9. Why is Agnipath under widespread attack?

What is the scheme :- Agnipath or Tour of Duty will be the only mode of recruitment of soldiers, sailors, and airmen from now on. It envisages enlisting youths aged between 17.5 years and 21 years — the upper limit has been extended to 23 years this year after protests — for a period of just four years, also counting their training time.

At the expiry of their contract, only 25% of these soldiers, to be known as Agniveers, will be re-enlisted for regular military service.

Monetary structure of the Scheme :- While the salary package of Agniveers will be around ₹4.76 lakh in the first year which can go up to ₹6.92 lakh in the fourth year, these short-term soldiers will also be offered a contributory severance package besides non-contributory death and disability compensation.

They will not be eligible for pension or gratuity.

Other Extended Benefits after the recent protests : the Union Ministry of Education said it would offer a three-year degree programme to these enlistees in order to make them employable once out of service. As protests rocked the country, the Ministry of Home Affairs, on Saturday, announced its decision to reserve 10% of vacancies in the Central Armed Police Forces (CAPFs) and the Assam Rifles to Agniveers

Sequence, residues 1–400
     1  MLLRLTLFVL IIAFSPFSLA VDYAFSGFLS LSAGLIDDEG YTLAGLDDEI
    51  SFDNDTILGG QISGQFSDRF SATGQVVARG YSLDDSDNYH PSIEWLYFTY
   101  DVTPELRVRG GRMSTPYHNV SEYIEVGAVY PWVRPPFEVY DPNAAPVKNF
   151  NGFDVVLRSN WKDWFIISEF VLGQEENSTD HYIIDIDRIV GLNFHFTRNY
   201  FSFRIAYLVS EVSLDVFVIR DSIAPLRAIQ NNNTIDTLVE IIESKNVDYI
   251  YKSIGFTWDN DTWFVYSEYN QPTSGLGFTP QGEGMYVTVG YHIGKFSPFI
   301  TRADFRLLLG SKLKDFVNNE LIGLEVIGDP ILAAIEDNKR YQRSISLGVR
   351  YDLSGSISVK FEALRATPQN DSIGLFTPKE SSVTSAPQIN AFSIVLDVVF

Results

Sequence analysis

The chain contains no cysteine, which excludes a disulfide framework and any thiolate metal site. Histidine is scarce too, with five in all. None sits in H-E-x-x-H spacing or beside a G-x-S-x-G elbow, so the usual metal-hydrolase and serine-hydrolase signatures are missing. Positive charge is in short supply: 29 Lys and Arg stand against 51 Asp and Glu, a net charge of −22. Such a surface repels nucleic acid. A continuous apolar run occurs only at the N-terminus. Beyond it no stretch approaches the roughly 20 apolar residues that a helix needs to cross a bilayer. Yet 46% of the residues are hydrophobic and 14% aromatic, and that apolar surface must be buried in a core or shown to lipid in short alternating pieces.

The Defence Minister also approved of a proposal to earmark 10% of vacancies in Coast Guard, defence civilian jobs and in the defence PSUs for Agniveers provided they meet the eligibility criteria. 

What, according to its supporters, are the scheme’s benefits?

  1. this ‘transformational’ initiative will make the forces lean and much younger, with the average age of the soldier brought down to about 25 from the present 32 years